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The Progress of Currency Reform; A New Phase of the Tariff

Question; The New England Cotton Strike.

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INCE the YALE REVIEW commented upon the outlook for

currency reform last August, some very important events have occurred in the monetary history of the world. The output of gold has continued to increase and is estimated to have reached during 1897 a value of about $240,000,000. India has not only refused to reopen her mints to the free coinage of silver, but has so far confirmed her previous action in closing these mints as to agree to issue rupees in India upon the deposit of gold in England, thus enabling India to feel at once in its currency any increase in the assets of the government, even though those assets are in London and in the form of gold. The rupees thus issued are, therefore, like our own silver dollars, a token currency secured by gold. Russia has followed Japan in the adoption of the gold standard and has at last consummated the change for which she has long been preparing.

In our own country the monetary commission appointed as the result of the Indianapolis convention has succeeded in framing a plan for the reformation of our currency and banking system which meets with the approval of a very large class of people, and has been unanimously endorsed by the convention which was re-convened at Indianapolis in January. This plan is the most comprehensive positive proposal, with the exception of Secretary Gage's plan, put forward as representing the views of those who believe in the gold standard. As we expect to

have its provisions discussed at length in our May issue, we will only say here that, in view of the number of debatable points involved, it is surprising that the commission should have been able to formulate a plan so well adapted to unite the friends of sound currency.

Not the least important event in the financial history of the six months has been Senator Wolcott's speech of January 17th, in which he explained the reasons for the failure of the peripatetic bimetallic commission. In that speech, while complaining somewhat bitterly of the lack of support which the commission had received at home, and of the various circumstances which occurred to discredit it, Senator Wolcott distinctly stated that it might be necessary for a future commission "to make concessions in the ratio, bringing it somewhere in the neighborhood of 20 to 1, and more nearly approximating the ratios recognized by Russia, Austria, and India.” As it has hitherto been one of the cardinal points of the bimetallist's creed that the fall in silver was due entirely to the hostile action of government, and that it would require but an international agreement to restore the French ratio of 1572 to 1, this admission is very significant, and coming as it does from the representative of a silver State, seems to indicate a willingness to accept the situation, at least in part, which is rare among thorough-going bimetallists. Even so candid and moderate a man as the late Gen. Walker was very loath to commit himself to any change of the ratio, as may be seen by his communication to this REVIEW in November, 1896.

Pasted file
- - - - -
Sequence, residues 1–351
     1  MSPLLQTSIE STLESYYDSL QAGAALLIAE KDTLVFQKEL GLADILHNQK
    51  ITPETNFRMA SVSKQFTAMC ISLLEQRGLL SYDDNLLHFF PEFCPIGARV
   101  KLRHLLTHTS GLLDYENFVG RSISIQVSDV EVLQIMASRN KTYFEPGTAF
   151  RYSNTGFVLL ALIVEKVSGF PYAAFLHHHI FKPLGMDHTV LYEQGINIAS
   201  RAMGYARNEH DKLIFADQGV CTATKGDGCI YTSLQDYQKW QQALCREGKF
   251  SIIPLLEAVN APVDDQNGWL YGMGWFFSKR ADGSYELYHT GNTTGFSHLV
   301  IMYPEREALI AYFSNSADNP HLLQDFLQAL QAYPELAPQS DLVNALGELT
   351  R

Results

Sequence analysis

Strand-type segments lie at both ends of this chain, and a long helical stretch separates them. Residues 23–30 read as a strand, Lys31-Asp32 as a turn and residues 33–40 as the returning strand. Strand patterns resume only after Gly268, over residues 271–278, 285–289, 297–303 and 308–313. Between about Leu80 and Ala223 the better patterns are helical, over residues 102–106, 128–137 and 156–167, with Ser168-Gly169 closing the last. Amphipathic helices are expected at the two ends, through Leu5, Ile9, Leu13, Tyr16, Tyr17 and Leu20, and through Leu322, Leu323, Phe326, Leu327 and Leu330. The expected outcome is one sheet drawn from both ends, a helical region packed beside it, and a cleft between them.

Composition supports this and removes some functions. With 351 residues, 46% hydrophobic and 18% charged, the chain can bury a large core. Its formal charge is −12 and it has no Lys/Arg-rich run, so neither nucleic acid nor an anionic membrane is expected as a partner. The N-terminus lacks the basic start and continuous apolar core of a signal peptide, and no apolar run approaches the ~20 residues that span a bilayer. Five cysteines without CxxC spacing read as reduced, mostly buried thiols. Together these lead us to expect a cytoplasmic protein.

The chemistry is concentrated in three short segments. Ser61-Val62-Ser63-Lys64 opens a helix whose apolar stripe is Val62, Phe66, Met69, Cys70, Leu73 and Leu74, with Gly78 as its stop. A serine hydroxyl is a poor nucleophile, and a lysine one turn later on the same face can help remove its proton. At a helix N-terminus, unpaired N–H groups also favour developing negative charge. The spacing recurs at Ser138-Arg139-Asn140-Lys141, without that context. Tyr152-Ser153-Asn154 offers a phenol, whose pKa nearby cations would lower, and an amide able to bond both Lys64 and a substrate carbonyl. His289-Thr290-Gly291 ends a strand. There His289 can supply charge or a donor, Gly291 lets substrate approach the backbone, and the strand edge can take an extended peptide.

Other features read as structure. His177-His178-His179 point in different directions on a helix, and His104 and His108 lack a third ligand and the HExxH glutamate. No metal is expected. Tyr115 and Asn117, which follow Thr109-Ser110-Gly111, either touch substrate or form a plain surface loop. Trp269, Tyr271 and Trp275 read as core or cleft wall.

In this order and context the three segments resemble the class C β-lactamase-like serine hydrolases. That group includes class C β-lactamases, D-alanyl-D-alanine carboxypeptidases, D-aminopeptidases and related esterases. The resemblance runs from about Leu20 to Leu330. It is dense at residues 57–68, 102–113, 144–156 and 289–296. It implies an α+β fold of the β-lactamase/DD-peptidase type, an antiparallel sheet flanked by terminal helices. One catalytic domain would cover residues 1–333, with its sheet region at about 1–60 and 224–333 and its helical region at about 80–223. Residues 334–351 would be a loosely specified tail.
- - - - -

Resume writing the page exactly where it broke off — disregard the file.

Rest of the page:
In the United States the forces of reaction are, however, still strong, as is shown by the adoption of the Teller resolution in the Senate. The resolution, which declared that the government would violate no obligation by paying its bonds in silver, secured 47 votes in its behalf to 32 against it. It has thus made certain (what was before only too probable) that the Senate will block any attempt at financial legislation which may be made by the House in the interests of a stable standard of value and an efficient banking system. That this opposition is capable of doing a great deal of harm for some time to come, must be conceded. That it can win the day in the end, can be

To try

believed only by one who believes that our country has reached the zenith of its progress and is ready to relapse towards a lower stage of civilization. The tendency of the ages is from a cheaper standard of value to a more expensive. In our century that means that the gold standard is the standard adopted by nations which claim to lead in the commercial world. to introduce a silver standard is to go back to what has long been discarded. To try to pay the government debt in silver at its present value is simply a resort to the long-discredited measures of sovereigns, whose best financial resource lay in the debasement of the currency. Muhammed Tughlak, who ruled in India from 1324-1351, is said to have been "an accomplished scholar, a skillful captain, and a severely abstinent man. But his ferocity of temper, perhaps inherited from the tribes of the steppes, rendered him merciless as a judge, and careless of human suffering.